Dear Dr. Debbie,
I’m enjoying some much needed “child-free” time since my four-year-old started school.
Unfortunately, just as I’ve gotten used to catching up on earning a living and a much improved standard of housework, she’s been frequently sniffling, coughing, and a few times, feverish. I keep her home—or pick her up if symptoms erupt at school—but wonder how much I should give in to her constant demands for attention after I’ve put her to bed?
Sharing bugs comes with the territory in a class of four-year-olds. One runny nose can quickly spread cold germs from child to child to tabletop to another child. Parents with children in school or childcare need to plan for the inevitability of staying home with a sick little one about 10 times a year. Keep your tissues, juice, and over the counter medicines in good supply. Friends and family can come in handy for errands and food while you’re otherwise occupied with the patient or exhaustion. Being selfish and supersensitive are her natural defenses as the body tries to get the extra attention it needs for care and recovery. Flexibility is key for dealing with the conflicts you face between these needs and competing demands.
A Prescription for Pampering
When a child is sick, this is the time to make exceptions to the regular routines and rules of the house.
Daytime accommodations should be set up for everyone’s best convenience. Your little patient might like to set up camp on the couch, with pillow and blanket, so that entertainment and your company are close at hand. Here she can get a quick response for the books, toys, or videos she needs to occupy the time—while you divide your attention between her and your work or housework.
A sicker child may warrant stricter bedrest treatment. In this case you bend the house rule about crumbs in the bed, or lying in your bed, or an extra dose of screen time to accommodate lots of resting time.
If you don’t normally let your child sleep with you, when she is delirious with fever you may want to keep close through the night. Somehow even minor discomforts are suffered more sweetly with snuggles from a beloved parent. If you emphasize the health reason behind it, the child will not see this as a permanent arrangement.
When food issues come up during illness, the concern for the child’s improved health should not be confused with “spoiling.” The usual rule about not serving juice after dinner is waived when dehydration is a possibility (extra liquids are crucial in the treatment of diarrhea, congestion, or sore throat). A cry for juice should be answered at any hour of the day or night in these circumstances. If a child has not been eating well because the sickness has robbed her of an appetite, offer small portions of sure-fire favorites. Regular mealtimes are abandoned in favor of whatever time the child shows any interest at all in eating. Normally forbidden foods can be helpful, too, when “ooey” tasting medicine must be taken. A swig of soda can help the amoxicillin go down.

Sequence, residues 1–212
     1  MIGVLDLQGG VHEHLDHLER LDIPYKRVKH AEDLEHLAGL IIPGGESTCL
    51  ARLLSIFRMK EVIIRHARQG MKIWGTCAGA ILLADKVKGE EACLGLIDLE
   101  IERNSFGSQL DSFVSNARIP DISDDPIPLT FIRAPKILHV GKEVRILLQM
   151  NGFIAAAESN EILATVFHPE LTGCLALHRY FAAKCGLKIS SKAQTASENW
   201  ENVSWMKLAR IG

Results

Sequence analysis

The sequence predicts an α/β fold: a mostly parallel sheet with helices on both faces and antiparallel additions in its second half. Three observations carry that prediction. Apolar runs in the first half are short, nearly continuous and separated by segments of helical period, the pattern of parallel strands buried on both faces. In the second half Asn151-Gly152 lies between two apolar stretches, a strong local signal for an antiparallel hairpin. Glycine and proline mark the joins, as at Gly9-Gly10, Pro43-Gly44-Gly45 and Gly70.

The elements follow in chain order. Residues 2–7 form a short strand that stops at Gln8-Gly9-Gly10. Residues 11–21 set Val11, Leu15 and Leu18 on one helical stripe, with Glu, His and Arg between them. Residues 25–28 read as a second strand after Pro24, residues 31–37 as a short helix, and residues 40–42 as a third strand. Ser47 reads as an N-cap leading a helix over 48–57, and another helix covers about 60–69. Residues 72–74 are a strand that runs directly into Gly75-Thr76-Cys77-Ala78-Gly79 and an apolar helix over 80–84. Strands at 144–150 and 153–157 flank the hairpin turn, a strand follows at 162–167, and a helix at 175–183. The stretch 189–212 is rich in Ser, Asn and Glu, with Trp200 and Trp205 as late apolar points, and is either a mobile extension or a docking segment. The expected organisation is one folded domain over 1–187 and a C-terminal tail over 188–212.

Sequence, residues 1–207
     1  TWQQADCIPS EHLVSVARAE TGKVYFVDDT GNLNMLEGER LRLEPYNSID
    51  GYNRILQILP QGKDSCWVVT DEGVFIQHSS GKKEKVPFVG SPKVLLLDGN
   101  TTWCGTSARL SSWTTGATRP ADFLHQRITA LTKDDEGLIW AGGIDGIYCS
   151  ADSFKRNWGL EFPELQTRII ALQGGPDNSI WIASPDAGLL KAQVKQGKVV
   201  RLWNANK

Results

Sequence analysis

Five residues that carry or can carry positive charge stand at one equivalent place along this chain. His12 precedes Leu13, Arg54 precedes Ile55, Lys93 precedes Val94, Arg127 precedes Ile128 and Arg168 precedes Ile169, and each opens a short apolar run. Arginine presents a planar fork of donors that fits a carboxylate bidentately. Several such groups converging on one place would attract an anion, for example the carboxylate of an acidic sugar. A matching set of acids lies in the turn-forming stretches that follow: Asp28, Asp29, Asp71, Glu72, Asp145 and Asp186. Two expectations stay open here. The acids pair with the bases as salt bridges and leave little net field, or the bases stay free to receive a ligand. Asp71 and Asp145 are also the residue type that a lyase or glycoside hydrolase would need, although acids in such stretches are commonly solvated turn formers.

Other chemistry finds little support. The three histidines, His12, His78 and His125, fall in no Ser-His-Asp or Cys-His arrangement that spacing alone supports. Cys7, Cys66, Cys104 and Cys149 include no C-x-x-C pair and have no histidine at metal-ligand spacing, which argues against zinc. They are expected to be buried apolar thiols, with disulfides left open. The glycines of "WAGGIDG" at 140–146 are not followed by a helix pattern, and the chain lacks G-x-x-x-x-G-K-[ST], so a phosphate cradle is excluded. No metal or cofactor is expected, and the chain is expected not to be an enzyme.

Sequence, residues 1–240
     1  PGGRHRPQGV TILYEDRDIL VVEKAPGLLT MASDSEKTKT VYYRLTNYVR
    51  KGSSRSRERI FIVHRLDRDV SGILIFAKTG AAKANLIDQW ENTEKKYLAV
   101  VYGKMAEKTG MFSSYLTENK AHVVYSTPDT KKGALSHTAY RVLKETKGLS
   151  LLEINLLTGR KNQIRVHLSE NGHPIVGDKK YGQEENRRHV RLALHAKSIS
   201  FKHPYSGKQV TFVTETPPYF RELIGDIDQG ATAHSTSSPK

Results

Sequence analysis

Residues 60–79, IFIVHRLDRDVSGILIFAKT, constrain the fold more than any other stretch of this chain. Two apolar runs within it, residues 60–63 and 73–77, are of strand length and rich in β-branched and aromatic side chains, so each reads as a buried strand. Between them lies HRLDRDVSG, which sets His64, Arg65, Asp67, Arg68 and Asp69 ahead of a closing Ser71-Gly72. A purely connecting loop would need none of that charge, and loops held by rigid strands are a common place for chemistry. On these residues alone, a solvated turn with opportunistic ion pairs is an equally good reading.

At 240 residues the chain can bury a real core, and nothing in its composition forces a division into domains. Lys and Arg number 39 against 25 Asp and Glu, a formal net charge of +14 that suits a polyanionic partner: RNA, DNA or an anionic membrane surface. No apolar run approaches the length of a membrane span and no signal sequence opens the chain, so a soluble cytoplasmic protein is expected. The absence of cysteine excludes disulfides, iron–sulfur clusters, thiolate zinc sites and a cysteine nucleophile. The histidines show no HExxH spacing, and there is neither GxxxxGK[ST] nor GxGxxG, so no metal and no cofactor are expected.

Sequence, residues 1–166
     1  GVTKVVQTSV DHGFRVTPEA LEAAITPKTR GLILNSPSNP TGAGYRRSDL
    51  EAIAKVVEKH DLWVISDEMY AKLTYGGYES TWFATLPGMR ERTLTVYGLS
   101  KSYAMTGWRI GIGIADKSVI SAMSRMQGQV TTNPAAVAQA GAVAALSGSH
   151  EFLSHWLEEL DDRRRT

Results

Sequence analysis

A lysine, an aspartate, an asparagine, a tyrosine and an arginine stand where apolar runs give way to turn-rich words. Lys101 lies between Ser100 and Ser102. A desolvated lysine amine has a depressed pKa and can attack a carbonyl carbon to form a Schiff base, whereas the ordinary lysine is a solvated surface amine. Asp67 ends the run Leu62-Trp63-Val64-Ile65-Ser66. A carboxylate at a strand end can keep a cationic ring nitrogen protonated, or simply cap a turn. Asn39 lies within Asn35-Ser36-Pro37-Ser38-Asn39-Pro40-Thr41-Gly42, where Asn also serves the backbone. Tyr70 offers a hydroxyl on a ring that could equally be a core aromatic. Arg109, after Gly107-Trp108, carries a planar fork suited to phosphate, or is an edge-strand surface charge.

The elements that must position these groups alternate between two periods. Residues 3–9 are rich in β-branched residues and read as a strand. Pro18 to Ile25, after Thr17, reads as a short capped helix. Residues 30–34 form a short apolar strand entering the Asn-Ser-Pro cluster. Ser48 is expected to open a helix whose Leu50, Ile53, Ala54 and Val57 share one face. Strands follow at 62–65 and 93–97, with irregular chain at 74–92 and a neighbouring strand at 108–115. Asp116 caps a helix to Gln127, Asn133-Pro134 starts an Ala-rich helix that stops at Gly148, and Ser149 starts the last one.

Speaking of medicines, check with your pediatrician or pharmacist about behavioral side effects. A child can be abnormally active, irritable, or lethargic as a result of certain drugs. For example, your request for her to clean up the playroom may be answered with throwing the toys, a fit of crying, or a dramatic collapse on the floor. If behavioral problems are due to the medicine, a more sympathetic reaction to the “misbehavior” is called for.
Honesty is a Pretty Good Policy
Hopefully you have a compassionate boss who knows the importance of tending to your child when she’s sick. This is going to be your reality for the time being. Work tasks might be delegated to someone else while you manage the job for which there is no good substitute. If you’re self-employed, try to give yourself extra time to fulfill your clients’ needs. But if you find yourself struggling to meet a promised deadline due to a sick child, be upfront as soon as you realize a conflict is likely and ask for a reasonable delay.
Yes, caring for a sick child requires a lot of pampering. A sick child presents special challenges: sleepless nights, frequent interruptions of daily tasks, mustering the gentle force necessary in getting nasty medicine into a resisting mouth, weighing the well-meaning wisdom from friends and relatives against the advice of the pediatrician, and creative ideas to entertain your housebound or bedbound youngster.
You may desperately need a midday nap after a weary night with a sick child. Do you have family or friends for respite childcare? Check to see which of your regular sitters wouldn’t mind giving you a short break from your (non-contagious) child. If you must go on for days on end without a true break, reward yourself when your chance comes. Remind yourself of the hard work you are doing, and visualize the uninterrupted bubble bath you will have or the solitary stroll through the mall you will take when that pesky germ has run its course.
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What do you think? Email your comments or questions to Dr. Debbie at editor[at]chesapeakefamily.com.